Total Pageviews

Sunday, April 10, 2022

The Securities and Exchange Commission's (SEC) climate change risk reporting proposal is not grounded in science, by Andy May

I highly recommend a bookmark for this consistently good website:
Ye Editor


Carefully Selected Quotes,
by Ye Editor

"This is the full uncut version of the op-ed Mr. May wrote for the Washington Examiner, here:


The SEC document claims that: “the impact of climate-related risks on both individual businesses and the financial system as a whole are well documented.” This does not seem to be the case.

Recent research by Professor Roger Pielke Jr., Dr. Bjorn Lomborg, and data from the EM-DAT disaster database all show the impact of climate change, whether of natural or human origin, is declining.

The costs in the NOAA “Summary Stats” document are adjusted for the consumer price index, but they are not adjusted for population or GDP, and these are critical factors.

The document they cite about the 4th warmest year on record, critically does not document why warming since the 20th century is a bad thing. 

There were many very cold and deadly years in the 20th century and cold kills many more people than heat. The coldest years in the U.S. were 1985, 1899, 1977, and 1983. In the U.K. 1963, 1947, 1940 and 1979 stand out. Our current climate is much nicer.

Particularly, when considering the horrible suffering of people in the Northern Hemisphere during the Little Ice Age, due to cold and drought, one should not assume that a warmer climate is worse than a colder one.

The Little Ice Age is now considered the “preindustrial period,” which the IPCC normally defines as 1850-1900, although sometimes they define it as 1750 to 1900[2]. The end of the Little Ice Age is normally taken as 1850.

It was far from an ideal climate and during its colder periods, glaciers advanced in the Alps and destroyed entire towns. It was a time of perpetual war, famines, and plagues. ...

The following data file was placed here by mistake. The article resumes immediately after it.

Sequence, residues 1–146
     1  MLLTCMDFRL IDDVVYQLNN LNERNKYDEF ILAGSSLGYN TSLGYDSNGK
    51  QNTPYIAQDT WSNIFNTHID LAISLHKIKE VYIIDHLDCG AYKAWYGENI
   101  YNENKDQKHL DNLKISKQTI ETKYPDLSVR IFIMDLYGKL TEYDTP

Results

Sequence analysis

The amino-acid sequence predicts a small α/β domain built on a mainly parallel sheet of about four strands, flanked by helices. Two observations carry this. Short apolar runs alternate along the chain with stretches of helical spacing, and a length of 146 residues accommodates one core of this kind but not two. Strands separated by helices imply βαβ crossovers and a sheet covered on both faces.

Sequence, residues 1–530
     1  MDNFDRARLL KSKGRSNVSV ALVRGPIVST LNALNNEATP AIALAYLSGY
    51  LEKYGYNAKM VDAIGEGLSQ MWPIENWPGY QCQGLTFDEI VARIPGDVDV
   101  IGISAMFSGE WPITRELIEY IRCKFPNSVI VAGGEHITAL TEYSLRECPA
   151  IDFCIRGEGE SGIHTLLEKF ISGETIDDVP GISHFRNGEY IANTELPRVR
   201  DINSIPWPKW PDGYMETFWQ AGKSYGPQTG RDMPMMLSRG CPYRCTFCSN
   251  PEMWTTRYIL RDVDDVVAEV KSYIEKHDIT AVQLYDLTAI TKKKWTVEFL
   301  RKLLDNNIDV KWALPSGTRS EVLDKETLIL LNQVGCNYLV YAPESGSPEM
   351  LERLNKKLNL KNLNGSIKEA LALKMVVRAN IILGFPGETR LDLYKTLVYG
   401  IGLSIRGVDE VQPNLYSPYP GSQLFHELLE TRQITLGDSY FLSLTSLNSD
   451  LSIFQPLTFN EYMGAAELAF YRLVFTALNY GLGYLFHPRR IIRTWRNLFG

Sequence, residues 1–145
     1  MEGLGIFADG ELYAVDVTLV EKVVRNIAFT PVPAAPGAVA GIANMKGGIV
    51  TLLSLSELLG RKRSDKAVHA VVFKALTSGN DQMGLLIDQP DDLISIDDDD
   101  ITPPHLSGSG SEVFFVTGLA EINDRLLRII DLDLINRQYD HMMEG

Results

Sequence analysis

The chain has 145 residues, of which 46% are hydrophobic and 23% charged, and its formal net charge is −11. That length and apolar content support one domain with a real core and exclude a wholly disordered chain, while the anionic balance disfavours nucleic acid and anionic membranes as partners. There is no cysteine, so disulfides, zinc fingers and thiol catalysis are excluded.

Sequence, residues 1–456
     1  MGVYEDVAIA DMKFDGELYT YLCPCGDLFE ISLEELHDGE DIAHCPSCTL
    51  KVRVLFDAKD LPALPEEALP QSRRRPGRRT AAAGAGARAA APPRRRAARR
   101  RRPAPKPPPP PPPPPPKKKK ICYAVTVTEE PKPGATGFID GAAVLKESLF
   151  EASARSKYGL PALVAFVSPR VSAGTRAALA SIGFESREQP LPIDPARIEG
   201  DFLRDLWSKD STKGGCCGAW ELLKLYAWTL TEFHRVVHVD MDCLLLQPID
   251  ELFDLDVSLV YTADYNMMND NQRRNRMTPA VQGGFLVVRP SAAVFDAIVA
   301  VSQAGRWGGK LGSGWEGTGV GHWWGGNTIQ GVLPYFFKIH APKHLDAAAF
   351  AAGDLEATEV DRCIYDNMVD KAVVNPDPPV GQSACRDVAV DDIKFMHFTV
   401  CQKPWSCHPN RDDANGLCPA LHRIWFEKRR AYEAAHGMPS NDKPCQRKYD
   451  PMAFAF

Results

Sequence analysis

Over 50,000 witches were burned alive. Tens of thousands of Jews were massacred. Not because there was any proof, just because someone had to suffer for the bad climate.

... Clear proof is needed first that human actions are significantly contributing to climate change. Such proof does not exist, the claim comes from computer models that have now been falsified.

It seems the SEC is accepting the politically correct dogma that warmer is bad, without demanding evidence that it is. This is no way to make policy.

On March 22, 2022, the Securities and Exchange Commission (SEC) released a new rule for public comment (File Number S7-10-22) that would require public companies to report the climate-related impact of their businesses.

Since it has been well established in multiple IPCC reports that the human impact on climate has never been observed, only modeled, this seems unnecessary. The climate models, used by the IPCC and NOAA to “compute” the human impact on climate have already been invalidated by Dr. Ross McKitrick and Dr. John Christy in their well-known Earth and Space Science peer-reviewed paper.

... While “climate-related” risks do exist, as they always have, it is well documented that they are decreasing with time, both in terms of frequency, financial impact, and severity. ...

... reliable reporting of disasters did not start until 2000, according to Regina Below and Prof. D.Guha-Sapir of EM-DAT. The decrease is logical since summers and days are warming at a lower rate than winters and nights. The tropics are hardly warming at all while the North Polar region[1] is warming quite a lot. Thus, the climate is becoming milder as it warms, with fewer extremes and therefore, fewer severe storms.

Climate is usually defined as a change in average weather over a period of 30 years or more. The footnote above specifies “climate-related disasters” that have $1 billion in damages in 2020 and notes they surpass previous highs from nine years before and three years before. The value of one billion dollars is corrected for the consumer price index (CPI) but not corrected for population or GDP.

All the cited years are within one climate period of 30 years; thus they are considering weather events, not climate. It is well established that weather damages, as a percentage of GDP, are declining over climate periods of time. "

Download the bibliography here: